WORKERS' COMPENSATION INSURANCE
Workers' compensation insurance is a state-mandated benefit system designed to protect employees injured on the job. We can assist those involved in any work-related injury, whether it results from typing on a computer keyboard in an office or from a falling beam on a construction site. The employers are required to pay the bill for such injuries, regardless of who is at fault. Consequently, even if the carelessness of a worker caused an accident, s/he remains eligible for workers' compensation insurance benefits. In exchange for these benefits, however, the injured worker forfeits his/her right to sue his/her employer .
Most employers purchase workers' compensation insurance plans from insurance companies specifically designed to provide benefits for their employees. Most states mandate these plans, with the exception of a small number of jurisdictions that allow larger companies to insure themselves. Smaller companies, however, such as those with just a handful of employees, need not purchase such plans.
The goal of workers' compensation insurance is to facilitate the process of allowing the injured employee to return to work as fast as possible without inflicting unnecessary hardship or loss of business on the employer.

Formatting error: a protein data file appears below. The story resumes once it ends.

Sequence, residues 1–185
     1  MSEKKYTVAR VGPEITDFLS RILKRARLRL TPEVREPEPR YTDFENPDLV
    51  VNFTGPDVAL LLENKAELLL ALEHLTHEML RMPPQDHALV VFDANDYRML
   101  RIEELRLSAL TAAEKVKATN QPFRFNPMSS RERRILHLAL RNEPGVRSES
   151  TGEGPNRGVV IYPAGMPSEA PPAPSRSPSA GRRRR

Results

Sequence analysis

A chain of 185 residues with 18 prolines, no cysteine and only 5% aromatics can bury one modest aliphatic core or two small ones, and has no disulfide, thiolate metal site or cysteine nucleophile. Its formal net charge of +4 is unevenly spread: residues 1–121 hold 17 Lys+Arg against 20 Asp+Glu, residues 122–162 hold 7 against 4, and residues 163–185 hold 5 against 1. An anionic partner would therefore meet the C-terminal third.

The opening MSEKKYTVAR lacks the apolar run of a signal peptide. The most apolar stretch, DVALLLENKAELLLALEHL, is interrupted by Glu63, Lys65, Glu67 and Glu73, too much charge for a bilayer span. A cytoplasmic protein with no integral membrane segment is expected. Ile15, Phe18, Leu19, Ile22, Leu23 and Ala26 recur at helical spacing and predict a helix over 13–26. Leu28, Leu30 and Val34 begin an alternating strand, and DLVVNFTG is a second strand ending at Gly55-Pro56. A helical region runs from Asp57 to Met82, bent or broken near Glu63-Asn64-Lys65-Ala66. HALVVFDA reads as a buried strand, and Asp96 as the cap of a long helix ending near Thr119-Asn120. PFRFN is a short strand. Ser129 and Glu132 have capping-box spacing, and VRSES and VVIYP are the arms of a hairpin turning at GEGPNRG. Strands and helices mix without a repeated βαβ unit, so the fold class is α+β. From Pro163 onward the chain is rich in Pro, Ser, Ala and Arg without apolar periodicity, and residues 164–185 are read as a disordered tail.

Third Parties and Workers' Compensation Law
While injured employees who accept workers' compensation insurance benefits are not permitted to sue their employers, they are entitled to sue negligent third parties who are responsible for their injuries, directly or indirectly. For example, if an employee faces an injury on the job when climbing a ladder that suddenly snaps AND s/he accepts workers' compensation damages, s/he cannot sue her/his company. Yet, s/he can file a claim against the manufacturer of the ladder. However, if the employee files a personal injury lawsuit and wins her/his case, s/he is required to reimburse her/his employer for all costs out of her/his settlement . Further, the employer has the right to sue the third party in order to recover some of the funds that the third party paid the injured worker.
On-The-Job Injuries: What Qualifies For Workers' Compensation Insurance Benefits?